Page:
Earlier this year, Apple agreed to pay a $500 settlement fee over the long going iPhone throttling controversy. In an online hearing, a US district judge has preliminarily approved the iPhone settlement deal but the final approval deadline has been extended for a couple of weeks in light of the COVID-19 pandemic, Law360 reports (via MacRumors).
District Judge Edward J. Davila has also asked lawyers of both parties to mutually agree upon proposing the final approval date sometime in December.
For the uninitiated, multidistrict district litigation started against Apple back in 2017 after the iPhone maker purposefully released software updates to slow down some iPhone models. Apple later apologized and said that the iPhone throttling was required to keep up with the degrading battery, which is a natural phenomenon.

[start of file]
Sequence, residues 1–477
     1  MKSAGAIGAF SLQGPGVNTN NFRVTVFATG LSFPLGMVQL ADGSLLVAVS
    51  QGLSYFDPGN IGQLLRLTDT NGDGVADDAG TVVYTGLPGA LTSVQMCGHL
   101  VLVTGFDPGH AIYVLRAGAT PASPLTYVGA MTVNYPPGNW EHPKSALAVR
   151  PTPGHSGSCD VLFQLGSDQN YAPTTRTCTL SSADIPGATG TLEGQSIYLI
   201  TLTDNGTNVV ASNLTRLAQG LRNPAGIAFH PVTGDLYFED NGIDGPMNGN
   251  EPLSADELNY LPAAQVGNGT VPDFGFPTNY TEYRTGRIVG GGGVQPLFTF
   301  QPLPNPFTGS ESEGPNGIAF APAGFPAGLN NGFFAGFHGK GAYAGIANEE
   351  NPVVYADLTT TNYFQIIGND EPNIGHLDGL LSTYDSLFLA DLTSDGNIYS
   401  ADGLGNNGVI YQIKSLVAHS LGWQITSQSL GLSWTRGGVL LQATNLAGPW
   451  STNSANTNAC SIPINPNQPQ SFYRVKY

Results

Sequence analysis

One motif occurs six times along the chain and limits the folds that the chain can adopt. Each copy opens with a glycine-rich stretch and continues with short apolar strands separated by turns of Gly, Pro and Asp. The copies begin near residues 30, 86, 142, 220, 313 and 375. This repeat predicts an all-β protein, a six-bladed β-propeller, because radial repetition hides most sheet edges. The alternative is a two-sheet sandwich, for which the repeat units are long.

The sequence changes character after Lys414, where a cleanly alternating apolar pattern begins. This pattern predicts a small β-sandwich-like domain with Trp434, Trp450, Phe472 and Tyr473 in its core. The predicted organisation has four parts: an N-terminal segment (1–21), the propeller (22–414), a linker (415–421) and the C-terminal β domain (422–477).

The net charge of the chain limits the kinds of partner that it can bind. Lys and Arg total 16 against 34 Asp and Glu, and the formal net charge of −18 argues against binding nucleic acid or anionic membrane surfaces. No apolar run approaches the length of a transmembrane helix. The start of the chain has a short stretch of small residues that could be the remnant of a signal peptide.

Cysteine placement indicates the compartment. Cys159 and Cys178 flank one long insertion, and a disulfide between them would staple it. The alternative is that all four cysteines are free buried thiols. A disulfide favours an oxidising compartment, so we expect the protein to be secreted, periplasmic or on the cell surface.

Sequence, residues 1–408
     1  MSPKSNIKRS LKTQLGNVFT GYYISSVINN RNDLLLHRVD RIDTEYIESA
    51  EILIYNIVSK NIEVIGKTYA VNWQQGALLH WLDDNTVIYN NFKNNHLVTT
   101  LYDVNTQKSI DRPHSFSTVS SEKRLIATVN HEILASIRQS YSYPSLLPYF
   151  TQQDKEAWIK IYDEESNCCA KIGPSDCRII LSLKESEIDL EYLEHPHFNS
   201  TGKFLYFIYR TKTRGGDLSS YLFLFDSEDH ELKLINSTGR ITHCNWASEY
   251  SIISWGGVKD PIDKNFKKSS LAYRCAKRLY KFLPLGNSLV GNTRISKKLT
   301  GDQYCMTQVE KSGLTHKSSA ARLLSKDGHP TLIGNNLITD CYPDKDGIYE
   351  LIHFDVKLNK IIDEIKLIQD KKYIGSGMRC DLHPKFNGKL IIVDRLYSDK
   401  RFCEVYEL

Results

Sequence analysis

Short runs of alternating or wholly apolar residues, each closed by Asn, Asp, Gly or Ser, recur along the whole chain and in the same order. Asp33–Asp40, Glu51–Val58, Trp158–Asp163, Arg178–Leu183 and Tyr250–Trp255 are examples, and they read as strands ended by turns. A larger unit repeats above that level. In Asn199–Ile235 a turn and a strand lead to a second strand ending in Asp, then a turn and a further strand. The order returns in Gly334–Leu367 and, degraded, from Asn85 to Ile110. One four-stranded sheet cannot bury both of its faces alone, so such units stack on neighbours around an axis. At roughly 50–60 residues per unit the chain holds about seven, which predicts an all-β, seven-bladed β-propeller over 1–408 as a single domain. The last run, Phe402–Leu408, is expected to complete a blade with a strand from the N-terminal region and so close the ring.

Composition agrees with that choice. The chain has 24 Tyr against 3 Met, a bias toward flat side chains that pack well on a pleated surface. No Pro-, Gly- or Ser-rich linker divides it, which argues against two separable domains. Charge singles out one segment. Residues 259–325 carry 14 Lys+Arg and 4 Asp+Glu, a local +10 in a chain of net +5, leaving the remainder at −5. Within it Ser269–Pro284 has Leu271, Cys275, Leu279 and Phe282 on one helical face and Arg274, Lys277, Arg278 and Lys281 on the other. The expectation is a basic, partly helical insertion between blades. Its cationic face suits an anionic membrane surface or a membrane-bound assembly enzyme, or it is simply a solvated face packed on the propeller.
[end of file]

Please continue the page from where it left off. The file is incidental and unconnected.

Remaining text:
As a result, iOS 11.3 and later versions now display the maximum battery capacity and tell whether the battery is running at its Peak Performance Capability. Meanwhile, all the lawsuits filed against Apple were brought under one roof and now taken care of by Davilla.
Once the settlement closes, each class member would be eligible for a $25 compensation, provided the litigation and other expenses don’t exceed $310 million. Excluding the latter, the compensation could go up to $500. As per the filing, the attorney fees could go up to $93 million with $1.5 million in expenses.
However, the compensation will be provided to those users who installed the concerned software updates on their iPhone 6, 6 Plus, 6S, 6S Plus, 7, 7 Plus, and SE.